Tuesday, August 29, 2017

Vulnerability Spotlight: Code Execution Vulnerability in LabVIEW

Vulnerability discovered by Cory Duplantis of Cisco Talos.

Update: 9/1/17 - National Instruments has published the following advisory

Overview


LabVIEW is a system design and development platform released by National Instruments. The software is widely used to create applications for data acquisition, instrument control and industrial automation. Talos is disclosing the presence of a potential code execution vulnerability which can be triggered by opening specially crafted VI files, the proprietary file format used by LabVIEW.

TALOS-2017-0273 code execution vulnerability (CVE-2017-2779)


The VI file format describes various systems implemented in LabVIEW. Although there is no published specification for the file format, inspecting the files shows that they contain a section named ‘RSRC’, presumably containing resource information. Modulating the values within this section of a VI file can cause a controlled looping condition resulting in an arbitrary null write. This vulnerability can be used by an attacker to create a specially crafted VI file that when opened results in the potential execution of code supplied by the attacker.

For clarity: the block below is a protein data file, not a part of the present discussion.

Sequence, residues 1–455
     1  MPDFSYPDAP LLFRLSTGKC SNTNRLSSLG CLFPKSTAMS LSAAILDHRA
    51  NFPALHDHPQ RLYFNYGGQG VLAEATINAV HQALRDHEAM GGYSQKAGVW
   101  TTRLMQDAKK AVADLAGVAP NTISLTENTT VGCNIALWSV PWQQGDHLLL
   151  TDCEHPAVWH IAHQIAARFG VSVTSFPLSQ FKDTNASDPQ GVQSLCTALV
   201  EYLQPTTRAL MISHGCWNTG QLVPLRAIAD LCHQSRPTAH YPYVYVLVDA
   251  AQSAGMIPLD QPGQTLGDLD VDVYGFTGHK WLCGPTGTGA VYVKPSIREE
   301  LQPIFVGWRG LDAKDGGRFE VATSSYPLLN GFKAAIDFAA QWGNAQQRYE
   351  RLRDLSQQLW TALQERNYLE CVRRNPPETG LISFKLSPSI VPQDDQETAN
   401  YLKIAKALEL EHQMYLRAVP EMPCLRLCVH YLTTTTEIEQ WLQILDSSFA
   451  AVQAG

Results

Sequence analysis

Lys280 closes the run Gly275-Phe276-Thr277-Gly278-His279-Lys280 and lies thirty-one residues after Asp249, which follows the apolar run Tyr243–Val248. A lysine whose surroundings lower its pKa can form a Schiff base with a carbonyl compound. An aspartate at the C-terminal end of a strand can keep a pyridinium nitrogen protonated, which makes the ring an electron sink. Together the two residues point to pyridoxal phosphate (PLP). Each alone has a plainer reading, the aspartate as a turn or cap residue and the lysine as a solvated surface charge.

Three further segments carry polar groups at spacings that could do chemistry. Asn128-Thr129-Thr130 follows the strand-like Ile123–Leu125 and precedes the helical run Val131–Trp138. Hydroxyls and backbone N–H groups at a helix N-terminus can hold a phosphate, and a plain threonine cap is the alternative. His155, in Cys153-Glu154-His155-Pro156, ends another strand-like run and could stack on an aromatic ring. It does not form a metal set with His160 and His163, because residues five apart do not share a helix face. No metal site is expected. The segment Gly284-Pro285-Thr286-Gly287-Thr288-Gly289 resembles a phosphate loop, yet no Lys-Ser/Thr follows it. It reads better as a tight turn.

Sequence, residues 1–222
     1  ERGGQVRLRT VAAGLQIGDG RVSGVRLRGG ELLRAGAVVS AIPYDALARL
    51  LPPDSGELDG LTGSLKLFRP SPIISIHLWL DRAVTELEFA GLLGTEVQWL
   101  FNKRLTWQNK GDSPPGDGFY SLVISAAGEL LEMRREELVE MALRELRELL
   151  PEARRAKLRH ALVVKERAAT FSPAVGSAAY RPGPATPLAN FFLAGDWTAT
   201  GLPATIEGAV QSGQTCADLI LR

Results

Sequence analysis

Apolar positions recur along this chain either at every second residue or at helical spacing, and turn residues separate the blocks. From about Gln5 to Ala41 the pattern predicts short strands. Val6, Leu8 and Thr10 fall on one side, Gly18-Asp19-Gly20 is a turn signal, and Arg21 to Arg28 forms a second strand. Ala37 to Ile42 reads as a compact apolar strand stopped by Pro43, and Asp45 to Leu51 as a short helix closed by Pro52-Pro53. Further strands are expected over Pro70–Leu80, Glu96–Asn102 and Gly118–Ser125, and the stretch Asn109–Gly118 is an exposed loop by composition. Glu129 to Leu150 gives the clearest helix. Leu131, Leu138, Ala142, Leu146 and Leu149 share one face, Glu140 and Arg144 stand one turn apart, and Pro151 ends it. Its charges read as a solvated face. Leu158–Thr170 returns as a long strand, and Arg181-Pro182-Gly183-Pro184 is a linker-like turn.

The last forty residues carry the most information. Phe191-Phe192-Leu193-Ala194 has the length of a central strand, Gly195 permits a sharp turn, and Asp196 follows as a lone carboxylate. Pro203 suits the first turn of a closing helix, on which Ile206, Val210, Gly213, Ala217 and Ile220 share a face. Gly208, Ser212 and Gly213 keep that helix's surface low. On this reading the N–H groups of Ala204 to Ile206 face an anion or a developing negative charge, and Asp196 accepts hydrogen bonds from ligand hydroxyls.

Full details of the vulnerability are available here.

National Instruments does not consider that this issue constitutes a vulnerability in their product, since any .exe like file format can be modified to replace legitimate content with malicious and has declined to release a patch. Talos disagrees. There are similarities between this vulnerability and the .NET PE loader vulnerability CVE-2007-0041 which was patched in MS07-040. Additionally, many users may be unaware that VI files are analogous to .exe files and should be accorded the same security requirements.

Known vulnerable versions:
LabVIEW 2016 version 16.0

Discussion


We have previously disclosed a vulnerability in the same software. As with the previous disclosure, organisations should be aware that proprietary file formats without a published specification are nevertheless amenable to inspection to identify vulnerabilities. The consequences of a successful compromise of a system that interacts with the physical world, such as a data acquisition and control systems, may be critical to safety. Organisations that deploy such systems, even as pilot projects, should be aware of the risk posed by vulnerabilities such as these and adequately protect systems.

Coverage


The following Snort Rules will detect exploitation attempts. Note that additional rules may be released at a future date and current rules are subject to change pending additional vulnerability information. For the most current rule information, please refer to your FireSIGHT Management Center or Snort.org.

Snort Rules: 41368- 41369

No comments:

Post a Comment